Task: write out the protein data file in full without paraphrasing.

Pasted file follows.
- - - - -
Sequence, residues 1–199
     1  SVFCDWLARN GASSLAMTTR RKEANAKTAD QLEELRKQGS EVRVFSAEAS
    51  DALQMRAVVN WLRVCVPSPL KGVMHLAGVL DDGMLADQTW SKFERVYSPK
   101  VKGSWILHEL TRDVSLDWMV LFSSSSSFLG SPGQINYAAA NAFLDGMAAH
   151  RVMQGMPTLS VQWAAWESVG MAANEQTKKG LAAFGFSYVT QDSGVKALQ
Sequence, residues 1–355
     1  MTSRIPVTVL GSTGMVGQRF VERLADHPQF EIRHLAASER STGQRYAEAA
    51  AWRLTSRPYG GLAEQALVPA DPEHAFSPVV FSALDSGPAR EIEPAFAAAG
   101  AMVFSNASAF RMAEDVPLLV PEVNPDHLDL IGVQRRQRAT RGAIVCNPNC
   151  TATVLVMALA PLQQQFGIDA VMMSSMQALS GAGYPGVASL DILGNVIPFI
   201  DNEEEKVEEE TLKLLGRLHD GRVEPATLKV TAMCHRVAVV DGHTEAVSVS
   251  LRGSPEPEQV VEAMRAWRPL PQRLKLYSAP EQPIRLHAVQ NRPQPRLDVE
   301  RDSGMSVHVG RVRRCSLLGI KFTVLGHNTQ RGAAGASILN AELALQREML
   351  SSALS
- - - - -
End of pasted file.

Sequence, residues 1–199
     1  SVFCDWLARN GASSLAMTTR RKEANAKTAD QLEELRKQGS EVRVFSAEAS
    51  DALQMRAVVN WLRVCVPSPL KGVMHLAGVL DDGMLADQTW SKFERVYSPK
   101  VKGSWILHEL TRDVSLDWMV LFSSSSSFLG SPGQINYAAA NAFLDGMAAH
   151  RVMQGMPTLS VQWAAWESVG MAANEQTKKG LAAFGFSYVT QDSGVKALQ
Sequence, residues 1–355
     1  MTSRIPVTVL GSTGMVGQRF VERLADHPQF EIRHLAASER STGQRYAEAA
    51  AWRLTSRPYG GLAEQALVPA DPEHAFSPVV FSALDSGPAR EIEPAFAAAG
   101  AMVFSNASAF RMAEDVPLLV PEVNPDHLDL IGVQRRQRAT RGAIVCNPNC
   151  TATVLVMALA PLQQQFGIDA VMMSSMQALS GAGYPGVASL DILGNVIPFI
   201  DNEEEKVEEE TLKLLGRLHD GRVEPATLKV TAMCHRVAVV DGHTEAVSVS
   251  LRGSPEPEQV VEAMRAWRPL PQRLKLYSAP EQPIRLHAVQ NRPQPRLDVE
   301  RDSGMSVHVG RVRRCSLLGI KFTVLGHNTQ RGAAGASILN AELALQREML
   351  SSALS